The duration to pay alimony in Illinois can differ depending on the individual judge and circumstances. The duration of spousal support or maintenance payments in Illinois is mostly determined by the length of the marriage. Payments will be made for a percentage of the years of marriage, with the percentage increasing as the marriage progresses, as indicated below:

  • Married for less than 5 years: 0.20
  • Married for 5 years: 0.24
  • Married for 6 years: 0.28
  • Married for 7 years: 0.32
  • Married for 8 years: 0.36
  • Married for 9 years: 0.40
  • Married for 10 years: 0.44
  • Married for 11 years: 0.48
  • Married for 12 years: 0.52
  • Married for 13 years: 0.56
  • Married for 14 years: 0.60
  • Married for 15 years: 0.64
  • Married for 16 years: 0.68
  • Married for 17 years: 0.72
  • Married for 18 years: 0.76
  • Married for 19 years: 0.80
  • Married for 20 years or more:
    Courts have the option of ordering permanent spousal support or maintenance for the duration of the marriage.

How to Collect Spousal Support Arrears in Illinois

When it comes to collecting spousal support in Illinois, you have a few choices if your ex-spouse has failed to make alimony payments as ordered by the court. Debts for spousal support are frequently given priority among debtors under US law.

Factors That Influence Alimony in Illinois

The average amount payable as spousal support in Illinois after divorce is determined by various factors. But the major factor you have to understand is “the standard of living of the marriage.”

To determine the final amounts for rehabilitative and permanent support in IL, the courts in IL take into consideration the income of the spouses, plus other factors like:

  • earning capacity of each spouse.
  • the ability of the paying spouse to pay, considering assets, the standard of living, earning capacity, as well as earned and unearned income.
  • the extent of contribution the supported spouse gave to the other’s educational pursuit or professional license during the marriage
  • how long the marriage lasted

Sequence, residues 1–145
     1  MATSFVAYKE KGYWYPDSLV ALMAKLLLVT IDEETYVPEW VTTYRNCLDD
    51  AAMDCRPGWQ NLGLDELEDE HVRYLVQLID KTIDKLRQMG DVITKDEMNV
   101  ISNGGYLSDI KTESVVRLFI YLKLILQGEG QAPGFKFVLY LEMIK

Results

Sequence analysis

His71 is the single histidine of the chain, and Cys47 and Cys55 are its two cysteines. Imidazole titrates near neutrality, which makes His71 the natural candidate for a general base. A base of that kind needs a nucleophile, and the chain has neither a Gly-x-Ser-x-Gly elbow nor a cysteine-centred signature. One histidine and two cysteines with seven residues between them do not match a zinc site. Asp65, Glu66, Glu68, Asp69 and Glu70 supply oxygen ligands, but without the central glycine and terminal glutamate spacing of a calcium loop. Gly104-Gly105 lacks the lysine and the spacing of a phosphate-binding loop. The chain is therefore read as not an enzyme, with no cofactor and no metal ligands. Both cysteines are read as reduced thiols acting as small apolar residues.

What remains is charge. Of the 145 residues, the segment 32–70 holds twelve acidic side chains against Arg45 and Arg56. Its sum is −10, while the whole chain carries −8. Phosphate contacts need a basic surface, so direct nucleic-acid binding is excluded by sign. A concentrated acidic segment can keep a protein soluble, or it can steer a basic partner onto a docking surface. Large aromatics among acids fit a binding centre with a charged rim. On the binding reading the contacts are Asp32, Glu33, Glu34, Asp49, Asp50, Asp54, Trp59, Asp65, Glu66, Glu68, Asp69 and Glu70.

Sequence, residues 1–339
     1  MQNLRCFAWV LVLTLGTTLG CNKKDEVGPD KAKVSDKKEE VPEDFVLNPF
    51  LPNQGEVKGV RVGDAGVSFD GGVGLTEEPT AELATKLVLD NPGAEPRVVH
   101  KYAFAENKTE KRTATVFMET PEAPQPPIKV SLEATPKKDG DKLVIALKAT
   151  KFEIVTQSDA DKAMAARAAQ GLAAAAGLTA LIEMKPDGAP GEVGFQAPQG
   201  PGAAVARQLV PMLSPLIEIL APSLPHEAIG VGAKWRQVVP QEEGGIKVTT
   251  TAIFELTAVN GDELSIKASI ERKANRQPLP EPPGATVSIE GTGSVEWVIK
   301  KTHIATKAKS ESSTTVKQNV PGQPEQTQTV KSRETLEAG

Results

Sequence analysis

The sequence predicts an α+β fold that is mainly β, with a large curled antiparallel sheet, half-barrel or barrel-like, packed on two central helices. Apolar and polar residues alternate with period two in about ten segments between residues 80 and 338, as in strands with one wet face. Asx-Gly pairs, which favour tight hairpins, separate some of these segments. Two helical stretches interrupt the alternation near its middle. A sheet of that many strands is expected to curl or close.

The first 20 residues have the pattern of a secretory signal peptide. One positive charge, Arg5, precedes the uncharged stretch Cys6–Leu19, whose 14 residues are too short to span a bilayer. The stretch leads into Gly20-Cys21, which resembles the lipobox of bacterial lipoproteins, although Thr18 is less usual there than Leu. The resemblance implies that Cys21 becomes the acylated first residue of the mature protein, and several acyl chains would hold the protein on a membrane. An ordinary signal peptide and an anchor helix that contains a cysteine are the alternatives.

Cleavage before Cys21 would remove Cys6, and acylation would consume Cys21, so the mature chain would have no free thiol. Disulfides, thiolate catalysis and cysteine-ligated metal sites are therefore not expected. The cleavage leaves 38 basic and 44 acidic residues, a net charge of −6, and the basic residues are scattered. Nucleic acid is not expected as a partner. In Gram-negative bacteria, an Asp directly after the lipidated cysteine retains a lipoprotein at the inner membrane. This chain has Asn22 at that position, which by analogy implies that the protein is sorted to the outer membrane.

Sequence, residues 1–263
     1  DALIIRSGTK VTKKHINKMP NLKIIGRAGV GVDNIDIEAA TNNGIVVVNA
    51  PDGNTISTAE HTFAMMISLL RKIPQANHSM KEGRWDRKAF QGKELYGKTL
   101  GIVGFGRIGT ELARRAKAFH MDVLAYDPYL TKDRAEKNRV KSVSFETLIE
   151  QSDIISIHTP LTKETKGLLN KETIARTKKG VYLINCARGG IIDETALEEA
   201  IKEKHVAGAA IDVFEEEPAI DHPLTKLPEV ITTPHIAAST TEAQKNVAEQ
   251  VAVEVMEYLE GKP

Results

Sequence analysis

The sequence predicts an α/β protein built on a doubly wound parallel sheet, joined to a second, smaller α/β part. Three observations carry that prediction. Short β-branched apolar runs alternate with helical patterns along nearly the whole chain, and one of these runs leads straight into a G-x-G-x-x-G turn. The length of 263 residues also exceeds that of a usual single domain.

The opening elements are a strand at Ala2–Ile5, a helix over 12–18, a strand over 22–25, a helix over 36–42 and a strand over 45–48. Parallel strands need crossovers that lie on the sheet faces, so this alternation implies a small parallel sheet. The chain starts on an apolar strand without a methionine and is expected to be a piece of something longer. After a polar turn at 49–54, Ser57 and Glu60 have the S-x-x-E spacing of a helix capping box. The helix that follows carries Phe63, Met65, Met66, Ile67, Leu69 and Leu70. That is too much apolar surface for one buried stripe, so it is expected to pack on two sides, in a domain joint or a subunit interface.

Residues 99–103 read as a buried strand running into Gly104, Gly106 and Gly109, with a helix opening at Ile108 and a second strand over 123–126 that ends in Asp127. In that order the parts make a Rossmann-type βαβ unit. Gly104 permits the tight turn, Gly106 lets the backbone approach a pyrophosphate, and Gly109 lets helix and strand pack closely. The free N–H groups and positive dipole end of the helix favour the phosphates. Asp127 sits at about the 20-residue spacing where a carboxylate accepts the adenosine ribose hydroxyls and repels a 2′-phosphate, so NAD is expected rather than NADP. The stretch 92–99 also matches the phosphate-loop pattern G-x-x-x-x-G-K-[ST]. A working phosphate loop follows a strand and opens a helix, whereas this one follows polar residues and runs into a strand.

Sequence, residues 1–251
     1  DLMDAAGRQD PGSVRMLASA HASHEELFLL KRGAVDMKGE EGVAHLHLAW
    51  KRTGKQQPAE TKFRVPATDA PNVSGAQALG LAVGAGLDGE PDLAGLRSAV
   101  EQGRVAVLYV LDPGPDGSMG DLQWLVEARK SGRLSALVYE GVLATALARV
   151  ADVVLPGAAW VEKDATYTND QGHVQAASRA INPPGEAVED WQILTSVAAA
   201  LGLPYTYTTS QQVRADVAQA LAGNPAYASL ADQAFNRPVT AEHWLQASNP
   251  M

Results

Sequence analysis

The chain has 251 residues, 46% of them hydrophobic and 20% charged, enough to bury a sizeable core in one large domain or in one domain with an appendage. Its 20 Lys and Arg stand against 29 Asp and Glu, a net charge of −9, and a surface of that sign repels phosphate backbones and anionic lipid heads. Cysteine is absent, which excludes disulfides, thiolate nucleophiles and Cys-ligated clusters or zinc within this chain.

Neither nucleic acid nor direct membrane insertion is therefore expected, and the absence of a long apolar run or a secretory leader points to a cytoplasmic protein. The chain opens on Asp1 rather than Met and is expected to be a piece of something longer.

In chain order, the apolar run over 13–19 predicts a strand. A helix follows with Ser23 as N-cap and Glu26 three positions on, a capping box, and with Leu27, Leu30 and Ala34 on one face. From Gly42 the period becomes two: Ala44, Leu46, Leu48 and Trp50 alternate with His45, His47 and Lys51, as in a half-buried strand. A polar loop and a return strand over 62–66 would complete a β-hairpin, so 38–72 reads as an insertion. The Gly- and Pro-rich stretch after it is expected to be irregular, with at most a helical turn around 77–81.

• the needs of each spouse
  • the assets and debts of each spouse including separate property
  • each party’s tax consequences
  • the ability of the supported spouse to gain employment without interfering with their children’s care
  • each spouse’s health and age
  • each party’s balance of hardships
  • whether there is a documented history of domestic violence against the children or either party
  • will the dependent spouse be self-supporting within a reasonable period
  • any criminal conviction of an abusive spouse
  • any other factors which the court wishes to consider

This is the main measure the court uses to determine the amount to be paid in Land of Lincoln. The principle behind the standard of living of the marriage is that after the marriage breakup, both spouses should continue living within the same standard they lived while the marriage lasted.

How Alimony is Calculated in IL

How Alimony is Calculated

How Alimony is Calculated in Illinois

Significant changes were made to the Illinois Marriage and Dissolution of Marriage Act in 2019. The following alimony calculation formulas apply to all divorces filed in 2019 or later:

(33 percent of the payer’s net income) – (25 percent of the recipient’s net income) = The yearly maintenance paid equals.

One requirement is that the amount awarded cannot result in the receiving spouse earning more than 40% of the couple’s total net income.

There is only one exception to the above-mentioned formulas. It will apply if a couple’s total yearly income is less than $500,000 and the paying spouse has never been ordered to pay child support before. Even outside of these situations, though, the same formulas are frequently used to determine support.

The amount to be paid as spousal support in Illinois is calculated after considering the above-stated factors. Whichever option is adopted it is reflected in the Alimony Calculator

But to be explicit about how to calculate spousal support in IL, you may need to consult your spousal support attorney.

>>> Illinois Spousal Support Calculator

Importance of Using a Skilled Illinois Spousal Support Attorney

If you’re getting a divorce in Illinois and need to negotiate or re-negotiate spousal support, you’ve definitely got a lot of questions and want to seek competent legal guidance. Though state Supreme Courts have supported lifetime spousal support,
your circumstances may or may not fulfill the requirements. IL courts may judge your case differently based on the merits of you and your previous spouse. There are so many variables to consider.

If you want to get spousal support for the rest of your life or if you want to fight against it in Illinois, an expert divorce lawyer can help. Depending on the objective and the desire of the adversary attorney to bargain in good faith, you’ll need attorneys that are
both empathetic and strong.